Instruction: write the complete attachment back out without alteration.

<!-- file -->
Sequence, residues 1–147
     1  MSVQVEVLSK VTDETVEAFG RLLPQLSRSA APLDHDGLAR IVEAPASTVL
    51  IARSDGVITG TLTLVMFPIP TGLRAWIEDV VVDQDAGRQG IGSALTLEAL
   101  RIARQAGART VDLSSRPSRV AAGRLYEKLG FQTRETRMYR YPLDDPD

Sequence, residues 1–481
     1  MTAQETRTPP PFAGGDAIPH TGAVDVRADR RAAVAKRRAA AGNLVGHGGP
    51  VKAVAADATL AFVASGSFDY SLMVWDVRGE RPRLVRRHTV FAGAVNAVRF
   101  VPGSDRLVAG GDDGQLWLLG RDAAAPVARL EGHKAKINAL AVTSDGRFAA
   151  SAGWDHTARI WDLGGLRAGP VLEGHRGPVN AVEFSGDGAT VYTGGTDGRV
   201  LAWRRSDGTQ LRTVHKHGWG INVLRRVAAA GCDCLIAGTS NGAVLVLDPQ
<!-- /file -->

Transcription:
Sequence, residues 1–147
     1  MSVQVEVLSK VTDETVEAFG RLLPQLSRSA APLDHDGLAR IVEAPASTVL
    51  IARSDGVITG TLTLVMFPIP TGLRAWIEDV VVDQDAGRQG IGSALTLEAL
   101  RIARQAGART VDLSSRPSRV AAGRLYEKLG FQTRETRMYR YPLDDPD

Sequence, residues 1–481
     1  MTAQETRTPP PFAGGDAIPH TGAVDVRADR RAAVAKRRAA AGNLVGHGGP
    51  VKAVAADATL AFVASGSFDY SLMVWDVRGE RPRLVRRHTV FAGAVNAVRF
   101  VPGSDRLVAG GDDGQLWLLG RDAAAPVARL EGHKAKINAL AVTSDGRFAA
   151  SAGWDHTARI WDLGGLRAGP VLEGHRGPVN AVEFSGDGAT VYTGGTDGRV
   201  LAWRRSDGTQ LRTVHKHGWG INVLRRVAAA GCDCLIAGTS NGAVLVLDPQ